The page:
Who’s at the highest risk of developing scleroderma?
Unfortunately, the exact causes of scleroderma are unknown. The research that’s been done suggests that, like many rheumatic and autoimmune diseases, it stems from a problem with our immune systems.
But we do know who is at a higher risk of developing scleroderma:
Gender: It’s much more common in women than men. As many as 80 percent of those diagnosed with scleroderma are women.
Age: Most localized types of scleroderma show up before age 40, and systemic types of scleroderma are typically diagnosed between ages 30 and 50.
Race: localized types of scleroderma are more common in people of European descent than in African-Americans. Choctaw Native Americans and African-Americans have a higher risk of the systemic form of scleroderma than people of European descent.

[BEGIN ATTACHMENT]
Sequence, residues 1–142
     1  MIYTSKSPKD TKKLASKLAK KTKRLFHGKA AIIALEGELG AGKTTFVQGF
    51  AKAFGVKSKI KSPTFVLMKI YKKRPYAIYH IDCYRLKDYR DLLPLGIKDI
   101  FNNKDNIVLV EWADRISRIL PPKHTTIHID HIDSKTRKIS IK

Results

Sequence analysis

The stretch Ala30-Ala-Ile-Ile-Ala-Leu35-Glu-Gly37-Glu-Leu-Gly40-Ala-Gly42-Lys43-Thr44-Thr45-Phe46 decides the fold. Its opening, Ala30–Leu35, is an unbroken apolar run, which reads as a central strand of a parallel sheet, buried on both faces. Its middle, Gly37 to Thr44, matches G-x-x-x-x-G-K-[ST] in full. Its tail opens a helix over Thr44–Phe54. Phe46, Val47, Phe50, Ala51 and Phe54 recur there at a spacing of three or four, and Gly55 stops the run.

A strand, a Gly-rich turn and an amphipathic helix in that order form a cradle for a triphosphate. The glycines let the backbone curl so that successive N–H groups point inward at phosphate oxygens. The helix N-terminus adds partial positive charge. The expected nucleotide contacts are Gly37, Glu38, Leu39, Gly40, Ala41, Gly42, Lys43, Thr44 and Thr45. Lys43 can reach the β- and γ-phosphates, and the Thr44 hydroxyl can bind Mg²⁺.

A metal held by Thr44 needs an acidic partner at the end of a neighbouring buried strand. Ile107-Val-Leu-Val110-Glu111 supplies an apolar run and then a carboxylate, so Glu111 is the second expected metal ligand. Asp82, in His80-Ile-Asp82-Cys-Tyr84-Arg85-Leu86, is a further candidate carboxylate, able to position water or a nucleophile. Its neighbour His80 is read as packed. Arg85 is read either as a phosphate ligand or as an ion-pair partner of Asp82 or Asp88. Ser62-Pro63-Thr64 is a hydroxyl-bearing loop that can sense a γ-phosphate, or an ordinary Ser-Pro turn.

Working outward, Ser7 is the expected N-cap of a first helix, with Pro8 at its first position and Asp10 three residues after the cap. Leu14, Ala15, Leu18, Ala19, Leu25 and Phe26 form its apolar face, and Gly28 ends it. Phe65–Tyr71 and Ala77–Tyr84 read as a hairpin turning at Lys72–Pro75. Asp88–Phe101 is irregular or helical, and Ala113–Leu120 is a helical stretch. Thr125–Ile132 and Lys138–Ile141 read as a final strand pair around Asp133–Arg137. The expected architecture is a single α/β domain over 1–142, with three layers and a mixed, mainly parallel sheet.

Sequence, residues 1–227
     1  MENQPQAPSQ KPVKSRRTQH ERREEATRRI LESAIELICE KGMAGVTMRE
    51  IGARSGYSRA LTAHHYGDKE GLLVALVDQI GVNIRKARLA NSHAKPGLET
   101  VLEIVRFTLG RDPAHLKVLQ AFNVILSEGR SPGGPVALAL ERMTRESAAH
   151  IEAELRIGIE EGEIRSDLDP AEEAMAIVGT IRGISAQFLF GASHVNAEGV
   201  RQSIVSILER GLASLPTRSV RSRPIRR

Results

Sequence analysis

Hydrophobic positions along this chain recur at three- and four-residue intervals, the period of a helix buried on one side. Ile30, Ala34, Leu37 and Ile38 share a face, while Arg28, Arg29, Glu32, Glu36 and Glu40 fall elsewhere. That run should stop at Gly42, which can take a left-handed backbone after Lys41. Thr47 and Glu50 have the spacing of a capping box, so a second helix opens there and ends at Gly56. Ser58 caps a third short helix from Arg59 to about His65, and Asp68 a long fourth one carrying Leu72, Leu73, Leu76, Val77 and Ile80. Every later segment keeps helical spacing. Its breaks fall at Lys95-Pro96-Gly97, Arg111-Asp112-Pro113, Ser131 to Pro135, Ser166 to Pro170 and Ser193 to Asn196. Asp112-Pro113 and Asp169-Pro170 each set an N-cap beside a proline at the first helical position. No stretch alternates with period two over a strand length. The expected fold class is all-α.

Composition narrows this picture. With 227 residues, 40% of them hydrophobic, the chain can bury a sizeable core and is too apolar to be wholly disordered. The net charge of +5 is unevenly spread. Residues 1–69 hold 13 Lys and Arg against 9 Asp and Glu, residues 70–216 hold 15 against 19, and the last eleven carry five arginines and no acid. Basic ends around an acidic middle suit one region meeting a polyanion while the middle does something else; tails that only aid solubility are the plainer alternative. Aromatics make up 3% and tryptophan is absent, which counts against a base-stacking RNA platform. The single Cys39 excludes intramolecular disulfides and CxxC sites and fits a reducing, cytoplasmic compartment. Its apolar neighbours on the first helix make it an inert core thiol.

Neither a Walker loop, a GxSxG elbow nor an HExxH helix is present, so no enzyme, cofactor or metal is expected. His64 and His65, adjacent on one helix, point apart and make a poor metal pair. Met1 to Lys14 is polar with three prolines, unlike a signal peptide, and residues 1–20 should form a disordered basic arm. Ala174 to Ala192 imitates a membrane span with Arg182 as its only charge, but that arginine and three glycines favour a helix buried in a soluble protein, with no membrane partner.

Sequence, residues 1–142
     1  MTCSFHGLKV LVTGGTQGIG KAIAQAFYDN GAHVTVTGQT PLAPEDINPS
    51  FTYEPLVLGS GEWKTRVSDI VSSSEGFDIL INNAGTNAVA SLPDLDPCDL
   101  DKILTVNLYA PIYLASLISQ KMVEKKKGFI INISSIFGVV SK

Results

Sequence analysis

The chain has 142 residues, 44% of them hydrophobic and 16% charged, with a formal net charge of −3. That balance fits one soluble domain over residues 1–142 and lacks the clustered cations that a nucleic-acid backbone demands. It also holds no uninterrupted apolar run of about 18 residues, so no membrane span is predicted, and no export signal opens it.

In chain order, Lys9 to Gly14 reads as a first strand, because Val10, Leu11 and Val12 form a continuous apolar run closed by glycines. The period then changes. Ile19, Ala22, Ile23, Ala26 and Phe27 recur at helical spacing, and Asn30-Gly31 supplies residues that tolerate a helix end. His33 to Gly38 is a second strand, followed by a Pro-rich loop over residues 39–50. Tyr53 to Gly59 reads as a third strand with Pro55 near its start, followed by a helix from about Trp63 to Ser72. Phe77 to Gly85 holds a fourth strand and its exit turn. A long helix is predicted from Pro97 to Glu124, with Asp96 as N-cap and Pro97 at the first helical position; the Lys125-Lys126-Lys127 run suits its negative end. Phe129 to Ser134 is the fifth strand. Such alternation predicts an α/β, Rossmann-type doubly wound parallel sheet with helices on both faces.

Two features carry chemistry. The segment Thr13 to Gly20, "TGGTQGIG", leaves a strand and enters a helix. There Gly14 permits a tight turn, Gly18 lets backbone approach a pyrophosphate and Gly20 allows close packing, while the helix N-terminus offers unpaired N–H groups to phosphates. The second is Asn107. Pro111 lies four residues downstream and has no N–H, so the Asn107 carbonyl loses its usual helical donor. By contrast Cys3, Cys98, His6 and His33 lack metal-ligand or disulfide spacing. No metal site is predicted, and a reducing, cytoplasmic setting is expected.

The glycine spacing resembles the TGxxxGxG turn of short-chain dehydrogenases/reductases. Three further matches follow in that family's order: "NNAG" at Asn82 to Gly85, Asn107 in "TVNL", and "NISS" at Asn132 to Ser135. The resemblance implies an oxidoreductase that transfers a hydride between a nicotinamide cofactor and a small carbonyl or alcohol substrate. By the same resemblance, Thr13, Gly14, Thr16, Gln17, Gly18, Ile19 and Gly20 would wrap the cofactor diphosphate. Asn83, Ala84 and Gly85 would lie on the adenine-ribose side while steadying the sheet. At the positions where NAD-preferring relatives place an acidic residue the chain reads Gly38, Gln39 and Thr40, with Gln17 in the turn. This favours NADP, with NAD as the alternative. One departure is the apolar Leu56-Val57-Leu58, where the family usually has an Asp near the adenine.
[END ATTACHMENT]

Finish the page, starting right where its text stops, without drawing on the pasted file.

Environmental exposure: Some environmental influences can put people at greater risk for developing scleroderma. Men exposed to silica appear to have a higher risk for developing scleroderma. Being around certain solvents and taking certain drugs can also increase your potential for developing the disease.
Genes and Scleroderma
Genetics plays a role in the disease, but it is not passed on from parents to children, and it’s rare for immediate family members of those with scleroderma to get it. It is common for family members, however, to have other autoimmune diseases such as thyroid disease, rheumatoid arthritis or lupus.
More Information About Scleroderma in the Health Library